The Planning and Building Permits are prerequisites to obtaining another type of regulatory authorisation under the Roads and Buildings Law, the Certificate of Approval. The law prohibits the possession or use of a building or any part thereof without a Certificate of Approval, and the owner of the Building Permit must apply for the issue of such a Certificate within 21 days from the completion of the construction. This Certificate will certify that the building was erected based on the approved architectural plans and studies (and the Building Permit). The Certificate of Approval is the final stage of the licencing procedures in Cyprus and, as such, a prerequisite for the issue of separate title deeds by the Land Registry.

Thus, the main risks involved in the purchase of real estate property from a property developer in Cyprus concern factors over which the purchaser has no control, such as the standing of the property developer and its ability to meet its financial obligations towards third parties, the developer's compliance with all regulatory requirements, and ultimately its ability to issue and transfer separate title deeds in the name of the purchaser. Failure in respect of any of the above can have a very detrimental effect on the purchaser's rights and severely affect the value of any property purchased or the property itself, so it is essential to be able to identify any such risks in good time and take mitigating steps as far as possible.

  1. Securing Ownership

If the property developer fails to observe legal or technical requirements, the process of issuing separate title deeds for the property can be seriously stalled. There may also be penal consequences for both the seller and the purchaser, while the property itself may be subject to demolition orders issued by the courts.

A Purchaser who wishes to purchase real estate property in Cyprus for which no separate title deeds exist is best advised to ensure the good standing of the seller and its reputation in the market first. It is also essential to appoint a legal professional to determine, inter alia, the ownership of the property and the existence of the necessary permits, as well as any registered encumbrances on the property.

The registered owner of the property should be required to provide all the necessary information, including a recent Search Certificate of Encumbrances from the Land Registry of the relevant district and a Certificate of Personal Restrictions. Furthermore, if the owner of the property is a legal entity, it should be required to provide a full set of up-to-date corporate documents and/or secretary certificates confirming good standing, ultimate beneficial ownership and control, legal representation, etc.

At the same time, it is also advisable to engage the services of an experienced technical professional, such as an architect, to carry out technical due diligence and report on technical matters. If allowed by the developer, the architect should also monitor construction works to ensure that the property will be constructed in accordance with the technical specifications, the architectural plans, and the relevant permits, so that separate title deeds for the property will be issued in good time. In any case, relevant provisions should be made in the contract of sale.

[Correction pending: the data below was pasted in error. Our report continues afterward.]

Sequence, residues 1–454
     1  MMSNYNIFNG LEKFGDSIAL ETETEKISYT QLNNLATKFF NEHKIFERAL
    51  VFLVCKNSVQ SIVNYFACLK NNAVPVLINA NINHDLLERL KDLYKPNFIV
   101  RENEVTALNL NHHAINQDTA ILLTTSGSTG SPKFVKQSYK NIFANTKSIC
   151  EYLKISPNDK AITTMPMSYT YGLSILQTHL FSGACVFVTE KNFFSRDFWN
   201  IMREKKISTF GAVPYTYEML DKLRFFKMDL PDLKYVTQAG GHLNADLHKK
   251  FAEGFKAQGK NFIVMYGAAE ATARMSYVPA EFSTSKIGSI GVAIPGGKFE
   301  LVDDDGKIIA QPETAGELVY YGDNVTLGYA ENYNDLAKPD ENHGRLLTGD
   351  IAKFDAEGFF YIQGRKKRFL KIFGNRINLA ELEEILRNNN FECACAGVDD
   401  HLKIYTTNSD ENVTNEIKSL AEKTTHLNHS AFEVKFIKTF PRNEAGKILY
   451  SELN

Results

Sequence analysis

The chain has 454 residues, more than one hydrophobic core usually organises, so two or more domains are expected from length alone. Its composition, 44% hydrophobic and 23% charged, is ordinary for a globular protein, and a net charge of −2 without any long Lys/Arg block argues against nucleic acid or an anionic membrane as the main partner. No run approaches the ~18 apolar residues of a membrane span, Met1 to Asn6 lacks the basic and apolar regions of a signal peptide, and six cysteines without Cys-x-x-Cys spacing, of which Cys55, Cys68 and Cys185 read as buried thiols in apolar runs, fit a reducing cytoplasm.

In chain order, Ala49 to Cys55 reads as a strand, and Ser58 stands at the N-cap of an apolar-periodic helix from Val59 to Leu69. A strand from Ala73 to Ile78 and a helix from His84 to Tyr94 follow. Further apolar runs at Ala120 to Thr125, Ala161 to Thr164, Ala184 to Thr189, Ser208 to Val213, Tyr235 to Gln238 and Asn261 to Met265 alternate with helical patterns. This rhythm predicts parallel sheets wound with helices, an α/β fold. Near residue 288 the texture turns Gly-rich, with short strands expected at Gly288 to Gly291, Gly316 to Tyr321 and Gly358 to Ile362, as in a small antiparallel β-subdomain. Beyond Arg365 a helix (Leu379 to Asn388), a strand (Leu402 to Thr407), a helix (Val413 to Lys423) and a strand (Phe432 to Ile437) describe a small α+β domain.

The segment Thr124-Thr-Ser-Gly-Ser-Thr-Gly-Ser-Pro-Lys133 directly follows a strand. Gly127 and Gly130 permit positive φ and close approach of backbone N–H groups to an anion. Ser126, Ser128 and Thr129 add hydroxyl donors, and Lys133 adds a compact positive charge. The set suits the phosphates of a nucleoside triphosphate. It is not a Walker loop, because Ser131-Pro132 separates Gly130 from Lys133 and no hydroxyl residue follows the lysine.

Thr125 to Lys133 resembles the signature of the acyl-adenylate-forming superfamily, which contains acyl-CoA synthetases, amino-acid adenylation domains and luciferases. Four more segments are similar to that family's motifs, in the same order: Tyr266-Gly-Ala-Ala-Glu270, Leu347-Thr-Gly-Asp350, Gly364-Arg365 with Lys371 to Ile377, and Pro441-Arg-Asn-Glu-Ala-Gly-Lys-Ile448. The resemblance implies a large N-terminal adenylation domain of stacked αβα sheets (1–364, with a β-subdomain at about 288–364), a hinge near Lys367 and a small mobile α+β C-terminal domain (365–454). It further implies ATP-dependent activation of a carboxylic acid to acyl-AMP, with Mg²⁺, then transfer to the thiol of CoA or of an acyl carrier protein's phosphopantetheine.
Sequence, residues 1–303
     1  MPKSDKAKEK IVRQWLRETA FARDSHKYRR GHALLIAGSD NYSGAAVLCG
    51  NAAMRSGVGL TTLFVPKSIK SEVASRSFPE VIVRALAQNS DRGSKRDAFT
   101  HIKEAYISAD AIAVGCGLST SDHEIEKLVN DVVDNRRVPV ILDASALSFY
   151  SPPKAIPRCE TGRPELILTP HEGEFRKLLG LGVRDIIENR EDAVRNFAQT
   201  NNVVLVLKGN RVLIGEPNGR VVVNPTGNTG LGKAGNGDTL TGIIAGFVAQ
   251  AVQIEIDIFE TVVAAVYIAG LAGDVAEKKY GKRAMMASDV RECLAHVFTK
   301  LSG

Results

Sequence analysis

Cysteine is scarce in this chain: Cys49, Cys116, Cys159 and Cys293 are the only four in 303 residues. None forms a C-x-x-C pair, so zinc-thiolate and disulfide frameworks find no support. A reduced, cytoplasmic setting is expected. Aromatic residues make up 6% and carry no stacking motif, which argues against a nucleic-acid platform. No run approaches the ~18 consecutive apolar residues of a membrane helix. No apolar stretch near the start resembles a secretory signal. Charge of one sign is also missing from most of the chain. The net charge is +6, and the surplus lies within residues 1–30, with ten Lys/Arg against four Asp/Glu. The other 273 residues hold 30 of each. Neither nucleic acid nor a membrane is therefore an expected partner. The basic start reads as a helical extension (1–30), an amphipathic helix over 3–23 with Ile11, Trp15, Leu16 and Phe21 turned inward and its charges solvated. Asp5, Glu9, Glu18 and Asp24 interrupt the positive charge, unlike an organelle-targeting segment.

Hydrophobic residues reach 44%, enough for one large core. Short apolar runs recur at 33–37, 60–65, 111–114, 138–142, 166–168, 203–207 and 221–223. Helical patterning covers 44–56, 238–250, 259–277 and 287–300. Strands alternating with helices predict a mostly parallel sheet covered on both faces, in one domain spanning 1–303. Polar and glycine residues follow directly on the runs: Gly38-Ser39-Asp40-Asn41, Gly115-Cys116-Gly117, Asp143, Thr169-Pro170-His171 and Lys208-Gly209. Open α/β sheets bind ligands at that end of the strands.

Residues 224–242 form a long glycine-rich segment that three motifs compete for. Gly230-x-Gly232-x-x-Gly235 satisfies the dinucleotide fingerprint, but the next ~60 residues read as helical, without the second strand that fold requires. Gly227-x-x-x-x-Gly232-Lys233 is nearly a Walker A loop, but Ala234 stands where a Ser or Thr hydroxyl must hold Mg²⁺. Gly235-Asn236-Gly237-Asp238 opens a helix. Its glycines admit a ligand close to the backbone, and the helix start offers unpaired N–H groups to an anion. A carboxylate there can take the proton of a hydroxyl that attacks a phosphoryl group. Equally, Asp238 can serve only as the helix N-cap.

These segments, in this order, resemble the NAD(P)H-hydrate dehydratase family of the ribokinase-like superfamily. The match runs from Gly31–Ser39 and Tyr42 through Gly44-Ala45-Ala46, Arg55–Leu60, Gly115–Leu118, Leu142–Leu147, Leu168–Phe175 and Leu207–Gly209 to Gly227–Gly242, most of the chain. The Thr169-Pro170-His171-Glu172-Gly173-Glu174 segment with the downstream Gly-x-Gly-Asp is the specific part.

If the land on which the property is constructed is mortgaged, before entering into a contract of sale, the Purchaser should ensure that, as far as possible, sufficient assurances are provided by the seller that the mortgages will be removed and that when separate title deeds are issued, the property will be transferred to the purchaser's name free of any encumbrances and rights of third parties in good time. This is usually achieved by obtaining suitably worded bank waivers and/or bank guarantees from the seller's bank and by making relevant provisions in the contract of sale.

The purchaser must first arrange to have the contract of sale stamped by paying the applicable stamp duty in accordance with the Stamps Law (N. 19/1963, as amended). Then the contract should be submitted by the purchaser to the Land Registry for filing as an encumbrance on the property that is the subject of the transaction, meaning that the seller cannot sell the property to any other person unless the contract is removed. The contract must be in writing, contain sufficient particulars about the identity of the parties, adequately describe the property that is the subject of the contract, state the consideration, and be signed by all parties. The contract must be filed with the relevant land registry office where the immovable property is located within six (6) months from the date of its signing. The seller can only remove the contract with a court order. If the seller fails to honour its contractual obligations and does not transfer the property to the purchaser, then the purchaser can take legal action to force the seller to transfer the property to the purchaser's name under the Sale of Immovable Property (Specific Performance) Law of 2011 (Ν. 81(Ι)/2011), as amended.

The deposit of the contract by any of the contracting parties with the Land Registry is accepted only if there is an entry in the relevant Land Registry office in the name of at least one of the sellers in relation to the immovable property that is the subject of the contract or that includes a portion of such immovable property.

The content of this article is intended to provide a general guide to the subject matter. Specialist advice should be sought about your specific circumstances.